General Comments: Much of this article is a blend and update of two articles written last year. Let me start by suggesting there are a lot of negatives and few positives of planting wheat prior to October in Tennessee.
- Wheat planted before the fly-free date, approximately October 15th for Tennessee, will be at greater risk to Hessian flies. Wheat planted too early can also serve as a nursery for the fall generation. The subsequent spring generation can seriously damage any nearby late-planted fields.
- Fall armyworms can do a number on September planted wheat. Fall armyworms populations have been conspicuously light this year, but there is no sense tempting fate.
- Aphid populations during the fall are typically higher in early planted wheat. Barley yellow dwarf virus (BYDV), which is transmitted by aphids, can reduce yields (see below). You may be able to use insecticide seed treatment or foliar insecticides to reduce fall transmission of the virus. But I see mostly risk without reward by planting too early.
Insecticide Seed Treatment Options for Wheat: In a nutshell, seed treatments offer the greatest value for wheat planted before the recommended fly-free date (approximately October 15th in Tennessee). A post-emergence foliar approach is a viable option if seed treatments are not used (see remarks below). If you plan on using a seed treatment, I’ve included a list of recommended products and use rates for the control of aphids (below). All should help reduce fall transmission of barley yellow dwarf virus by aphids.
Active ingredient – Imidacloprid
0.8 – 2.4 fluid ounces per 100 lbs. seed
Cruiser 5 FS
Active ingredient – Thiamethoxam
0.75 – 1.33 fluid ounces per 100 lbs. seed
NipsIt Inside (5F)
Active ingredient – Clothianidin
0.75 – 1.79 fluid ounces per 100 lbs. seed
All three of these products contain 5 lbs. of active ingredient per gallon and have a similar mode of action. The typical use rates applied by distributors is in the range of 0.8 – 1.0 oz of product per 100 pounds of seed. However, the highest labeled rates are recommended for control of Hessian flies. You should consider using these higher rates if you intend to plant before the recommended planting date, particularly if planting in September. Be advised that seed treatments should not be expected to control fall armyworms that sometimes infest early planted wheat.
Buyer Beware: Insecticide seed treatments are sometimes packaged with fungicides. But you will not get the recommended insecticide rate if applying some of these pre-packaged seed treatments at the labeled rate. For example, “CruiserMaxx for Cereals” and “NipsIt Suite for Cereals” contain insecticide in a much more dilute form than found in Cruiser 5F or NipsIt Inside. These products are typically marketed further north where aphids and BYDV is not a big issue. It would be necessary to add additional insecticide to achieve the recommended rates listed above.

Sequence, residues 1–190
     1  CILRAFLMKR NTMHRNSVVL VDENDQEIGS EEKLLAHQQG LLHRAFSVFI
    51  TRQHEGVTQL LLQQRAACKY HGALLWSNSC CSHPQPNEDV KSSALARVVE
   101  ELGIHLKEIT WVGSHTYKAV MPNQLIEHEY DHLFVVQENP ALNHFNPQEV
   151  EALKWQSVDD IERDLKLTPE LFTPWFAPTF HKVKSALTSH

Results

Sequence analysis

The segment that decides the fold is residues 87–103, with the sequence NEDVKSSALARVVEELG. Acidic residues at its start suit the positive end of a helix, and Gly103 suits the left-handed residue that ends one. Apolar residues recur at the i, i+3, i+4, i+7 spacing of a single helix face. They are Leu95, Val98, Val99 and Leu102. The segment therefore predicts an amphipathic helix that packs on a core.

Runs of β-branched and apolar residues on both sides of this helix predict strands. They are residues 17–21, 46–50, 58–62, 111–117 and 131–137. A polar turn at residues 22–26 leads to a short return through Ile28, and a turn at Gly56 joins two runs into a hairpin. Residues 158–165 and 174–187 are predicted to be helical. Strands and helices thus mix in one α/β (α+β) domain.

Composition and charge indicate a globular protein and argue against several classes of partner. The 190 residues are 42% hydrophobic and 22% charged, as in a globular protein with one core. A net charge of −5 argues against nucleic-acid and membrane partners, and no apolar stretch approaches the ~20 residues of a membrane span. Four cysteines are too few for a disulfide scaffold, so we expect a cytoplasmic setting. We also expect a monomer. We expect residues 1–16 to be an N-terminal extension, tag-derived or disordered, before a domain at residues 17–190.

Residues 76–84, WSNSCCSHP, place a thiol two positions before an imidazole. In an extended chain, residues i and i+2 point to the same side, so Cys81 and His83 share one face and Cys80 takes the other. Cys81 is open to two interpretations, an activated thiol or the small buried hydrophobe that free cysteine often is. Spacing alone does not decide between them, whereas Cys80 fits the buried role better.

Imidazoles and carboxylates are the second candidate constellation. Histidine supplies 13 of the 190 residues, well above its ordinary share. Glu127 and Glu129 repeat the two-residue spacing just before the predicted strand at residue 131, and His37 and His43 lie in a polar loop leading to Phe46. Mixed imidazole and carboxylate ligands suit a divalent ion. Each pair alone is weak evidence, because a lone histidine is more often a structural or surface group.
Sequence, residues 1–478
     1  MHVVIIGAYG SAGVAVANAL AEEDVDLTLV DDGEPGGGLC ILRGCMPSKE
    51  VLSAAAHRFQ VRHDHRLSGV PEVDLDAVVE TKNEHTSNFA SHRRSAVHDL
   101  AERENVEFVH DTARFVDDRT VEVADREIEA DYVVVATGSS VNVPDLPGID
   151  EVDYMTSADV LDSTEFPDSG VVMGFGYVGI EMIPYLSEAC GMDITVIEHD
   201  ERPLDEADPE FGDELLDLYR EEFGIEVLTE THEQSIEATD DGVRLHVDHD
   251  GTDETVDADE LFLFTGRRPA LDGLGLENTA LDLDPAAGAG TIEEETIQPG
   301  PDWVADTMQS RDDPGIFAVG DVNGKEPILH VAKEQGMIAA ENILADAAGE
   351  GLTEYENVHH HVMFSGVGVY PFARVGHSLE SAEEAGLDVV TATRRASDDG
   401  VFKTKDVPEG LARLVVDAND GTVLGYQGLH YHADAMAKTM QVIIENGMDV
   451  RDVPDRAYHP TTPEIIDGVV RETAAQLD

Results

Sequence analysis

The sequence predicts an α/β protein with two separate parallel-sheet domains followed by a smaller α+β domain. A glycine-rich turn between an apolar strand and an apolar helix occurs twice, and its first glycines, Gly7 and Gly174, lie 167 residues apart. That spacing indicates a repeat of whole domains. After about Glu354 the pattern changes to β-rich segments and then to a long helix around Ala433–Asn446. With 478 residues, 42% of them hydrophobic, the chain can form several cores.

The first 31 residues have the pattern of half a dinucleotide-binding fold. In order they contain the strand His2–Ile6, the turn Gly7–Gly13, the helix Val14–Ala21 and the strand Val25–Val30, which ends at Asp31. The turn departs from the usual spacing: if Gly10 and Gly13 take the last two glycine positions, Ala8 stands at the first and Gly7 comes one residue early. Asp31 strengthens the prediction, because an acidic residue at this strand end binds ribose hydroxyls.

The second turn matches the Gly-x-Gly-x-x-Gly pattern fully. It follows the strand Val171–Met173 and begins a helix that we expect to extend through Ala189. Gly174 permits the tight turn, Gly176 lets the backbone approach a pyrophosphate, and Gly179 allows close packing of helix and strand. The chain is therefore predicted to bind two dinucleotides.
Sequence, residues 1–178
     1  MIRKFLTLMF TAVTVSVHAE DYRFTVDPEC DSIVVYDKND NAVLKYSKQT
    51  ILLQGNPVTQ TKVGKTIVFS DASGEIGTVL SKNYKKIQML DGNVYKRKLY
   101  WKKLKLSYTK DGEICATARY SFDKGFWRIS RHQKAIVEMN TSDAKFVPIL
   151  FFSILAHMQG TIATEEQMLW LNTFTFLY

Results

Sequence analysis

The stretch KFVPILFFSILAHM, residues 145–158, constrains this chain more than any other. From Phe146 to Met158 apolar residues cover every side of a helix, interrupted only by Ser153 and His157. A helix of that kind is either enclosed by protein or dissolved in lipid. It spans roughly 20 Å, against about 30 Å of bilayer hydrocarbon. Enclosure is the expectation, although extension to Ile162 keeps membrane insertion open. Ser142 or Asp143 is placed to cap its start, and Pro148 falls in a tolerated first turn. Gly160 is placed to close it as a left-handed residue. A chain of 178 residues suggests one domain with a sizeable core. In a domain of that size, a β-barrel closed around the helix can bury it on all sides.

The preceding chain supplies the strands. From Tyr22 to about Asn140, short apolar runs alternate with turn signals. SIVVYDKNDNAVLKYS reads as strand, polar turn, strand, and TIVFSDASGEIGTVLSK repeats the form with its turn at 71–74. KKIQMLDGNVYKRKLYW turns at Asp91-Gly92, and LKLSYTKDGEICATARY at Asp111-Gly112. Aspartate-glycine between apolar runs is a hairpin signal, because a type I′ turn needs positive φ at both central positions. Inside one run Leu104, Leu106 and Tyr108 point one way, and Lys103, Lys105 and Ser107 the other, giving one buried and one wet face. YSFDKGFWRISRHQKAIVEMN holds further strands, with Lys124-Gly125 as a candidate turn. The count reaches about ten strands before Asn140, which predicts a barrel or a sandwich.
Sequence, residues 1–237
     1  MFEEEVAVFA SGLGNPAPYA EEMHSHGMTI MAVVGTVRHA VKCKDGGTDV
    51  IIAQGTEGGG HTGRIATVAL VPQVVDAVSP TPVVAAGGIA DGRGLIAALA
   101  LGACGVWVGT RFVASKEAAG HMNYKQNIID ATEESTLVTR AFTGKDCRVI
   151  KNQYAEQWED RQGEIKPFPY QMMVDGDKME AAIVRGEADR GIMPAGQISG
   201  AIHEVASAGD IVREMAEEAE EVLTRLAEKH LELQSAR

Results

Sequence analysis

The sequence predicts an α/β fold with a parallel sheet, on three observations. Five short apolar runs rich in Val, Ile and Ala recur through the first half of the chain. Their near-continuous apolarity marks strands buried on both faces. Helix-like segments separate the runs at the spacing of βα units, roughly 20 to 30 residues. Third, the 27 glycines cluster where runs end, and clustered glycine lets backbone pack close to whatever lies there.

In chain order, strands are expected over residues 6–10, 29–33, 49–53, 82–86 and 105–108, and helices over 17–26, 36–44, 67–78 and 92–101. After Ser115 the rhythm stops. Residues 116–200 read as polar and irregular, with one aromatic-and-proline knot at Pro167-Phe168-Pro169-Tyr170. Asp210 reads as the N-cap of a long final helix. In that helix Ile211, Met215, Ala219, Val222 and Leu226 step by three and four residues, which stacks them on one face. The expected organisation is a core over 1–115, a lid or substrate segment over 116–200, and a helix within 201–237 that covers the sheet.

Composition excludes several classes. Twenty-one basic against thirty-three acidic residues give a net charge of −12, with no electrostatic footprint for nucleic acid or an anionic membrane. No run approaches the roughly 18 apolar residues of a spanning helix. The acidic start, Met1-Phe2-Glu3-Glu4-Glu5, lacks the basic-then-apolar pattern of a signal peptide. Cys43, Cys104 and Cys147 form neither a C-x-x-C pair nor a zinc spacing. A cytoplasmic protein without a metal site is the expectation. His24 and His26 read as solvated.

Seed Treatments vs. Foliar Insecticides for Aphid Control: Over the last 6-7 years, we’ve studied how seed treatments or foliar insecticides impact wheat yields. Presumably, most of the effects we have seen are the result of aphid control and a reduction in BYDV as we routinely see both in our tests. The table below summarizes the results of multiple tests done since 2007. Here are some of my observations. Keep in mind that positive yield response to an insecticide seed treatment or foliar insecticide application are fairly consistent but do not always occur.
- It is uncommon to find many aphids during the fall and winter in wheat planted in mid-October or later. This observation typically holds true holds until late February or March when the wheat and aphid populations begin to grow.
- Insecticide seed treatments increased yield on average about 3-4 bushels per acre. This is consistent with previous data generated in Tennessee.
- A winter (late January-February) foliar application of insecticide, before aphid populations have begun to grow, has increased yields in my tests by an average of 5.6 bushels and as much as 12 bushels per acre. Most of these tests are on wheat not having an insecticide seed treatment, but we have observed some increases on wheat that did have and insecticide seed treatment.
My experience, based on less data, is that using both an insecticide seed treatment and a late winter foliar insecticide application is not necessary IF you plant in mid-October or later. In other words, the benefits of the seed treatment and the foliar application are probably not additive.
A seed treatment or foliar application of insecticide in the fall and spring may be necessary for wheat that is planted too early … or if aphid populations get an unusually early start. Scouting can help determine if a fall application of insecticide is needed for the prevention of BYDV.